September 26, 2012 in Featured
Those of a certain age may remember him as Sir Horace Gentleman, bassist of iconic Ska band The Specials but there’s a lot more to Horace Panter than this. 10 years as a teacher of art to autistic children and an admirable collection of his own distinctive artwork reveals a man not afraid to take his creativity down different avenues.
We managed to grab a short time and a few questions with Horace in what seems to be an extremely busy schedule between musical and artistic events.
You can view and buy Horace’s art work at the Love Art Fair in Milton Keynes 11th-14th October www.theloveartfair.com. Horace will be pleased to personally dedicate work bought at the event.
Q. Some might think that being a member of such an iconic band as The Specials would make it easy to get into the art world and make a name for yourself. What’s the reality?
A. This is very flattering of you but I am not a household name like Ronnie Wood or Bob Dylan. The Specials are known but, outside of their fan base, I’m probably not. In one respect, that’s good as I feel my painting is going to work on its own merit rather than in the ‘celebrity’ bracket. I’ll admit that it’s a good way to get gallery owners initially interested, but in my experience, it’s ultimately the art they’re interested in (or not). Generally speaking, Specials fans don’t buy art. Hey, it’s a jungle out there!
Q. You achieved a Fine Art Degree as a younger man. On reflection, did this formal education help you develop to the level of artwork you produce now? How has the formal process affected you either positively or negatively?
A. The work I am doing now is very different from the work in my graduation show in 1975. Minimalism and Conceptualism carried the swing back then. The Art Language movement had a firm foothold in Coventry in the ‘70s. People would come to college wearing a suit and carrying a portable typewriter!! If you were an object-maker you were considered a lesser human being. Painters were compared to single-celled animals. The grounding in Art History which I seem to have assimilated through a kind of osmosis, rather than from any formal lecture series, has been invaluable. Also, I’m nearly 60, much older than Damien or Tracey.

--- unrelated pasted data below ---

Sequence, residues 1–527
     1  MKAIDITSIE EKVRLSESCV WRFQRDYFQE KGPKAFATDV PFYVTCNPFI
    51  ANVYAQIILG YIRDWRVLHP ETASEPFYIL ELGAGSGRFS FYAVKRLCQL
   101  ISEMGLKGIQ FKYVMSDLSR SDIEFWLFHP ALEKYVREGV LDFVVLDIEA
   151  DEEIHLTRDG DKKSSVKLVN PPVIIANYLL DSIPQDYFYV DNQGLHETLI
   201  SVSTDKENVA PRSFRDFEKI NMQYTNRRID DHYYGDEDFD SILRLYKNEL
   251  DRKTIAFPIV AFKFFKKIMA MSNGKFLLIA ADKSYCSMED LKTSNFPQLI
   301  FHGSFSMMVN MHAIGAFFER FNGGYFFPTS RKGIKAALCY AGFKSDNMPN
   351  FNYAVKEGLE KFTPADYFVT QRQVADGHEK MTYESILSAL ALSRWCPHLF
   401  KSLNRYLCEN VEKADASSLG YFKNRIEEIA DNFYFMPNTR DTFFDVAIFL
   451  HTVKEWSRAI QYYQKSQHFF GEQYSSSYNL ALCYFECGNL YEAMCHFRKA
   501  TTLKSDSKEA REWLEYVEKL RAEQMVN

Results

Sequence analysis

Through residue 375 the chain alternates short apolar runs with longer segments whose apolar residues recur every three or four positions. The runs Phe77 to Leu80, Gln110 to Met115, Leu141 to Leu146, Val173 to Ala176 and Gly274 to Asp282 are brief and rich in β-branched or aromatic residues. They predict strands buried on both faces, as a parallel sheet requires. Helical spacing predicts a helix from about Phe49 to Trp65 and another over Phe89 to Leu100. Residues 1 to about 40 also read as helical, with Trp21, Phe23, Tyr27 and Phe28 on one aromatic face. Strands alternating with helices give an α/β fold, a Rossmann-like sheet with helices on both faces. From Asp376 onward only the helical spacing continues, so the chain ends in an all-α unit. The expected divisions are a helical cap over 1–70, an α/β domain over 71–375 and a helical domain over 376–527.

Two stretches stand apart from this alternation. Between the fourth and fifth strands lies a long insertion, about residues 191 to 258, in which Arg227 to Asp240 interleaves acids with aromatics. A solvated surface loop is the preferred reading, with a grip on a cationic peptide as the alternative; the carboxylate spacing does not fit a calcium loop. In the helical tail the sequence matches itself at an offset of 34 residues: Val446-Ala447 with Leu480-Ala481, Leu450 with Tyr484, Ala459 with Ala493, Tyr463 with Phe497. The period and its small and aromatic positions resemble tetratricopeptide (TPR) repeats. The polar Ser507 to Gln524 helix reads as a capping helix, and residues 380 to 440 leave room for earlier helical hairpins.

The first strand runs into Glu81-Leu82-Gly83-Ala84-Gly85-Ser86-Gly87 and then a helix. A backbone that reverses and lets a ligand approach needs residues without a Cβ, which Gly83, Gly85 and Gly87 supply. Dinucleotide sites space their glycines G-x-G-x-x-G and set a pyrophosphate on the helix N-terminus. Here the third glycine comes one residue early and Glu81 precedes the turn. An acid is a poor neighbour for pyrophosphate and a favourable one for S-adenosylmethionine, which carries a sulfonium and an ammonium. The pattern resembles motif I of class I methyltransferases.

Q. If you were to write a CV then you would certainly have at least 3 occupations down; Musician, Teacher & Artist. Is there a common thread that runs through these that links them? Why do you think you have chosen these activities to invest much of your life in?
A. It would be good to mention the creative element involved in these professions, and probably some sort of altruism. Back in the day The Specials were concerned with voicing anger about social/political issues, such as racism. I taught kids with autism and thought art was an excellent medium through which they could express themselves and achieve satisfaction. I can’t say that my art is particularly concerned with any sense of altruism but I use some of my art to raise funds for Teenage Cancer Trust (I have just designed their 2012 Christmas card) and other charities. I worry more about money (or lack of it) as I get older, but perhaps that’s the downside of having these highly emotional careers. Teaching was definitely the most taxing job I’ve ever done, physically and mentally, despite the long holidays. I consider myself to be very lucky and see no point in wasting talent and opportunity … seize the day!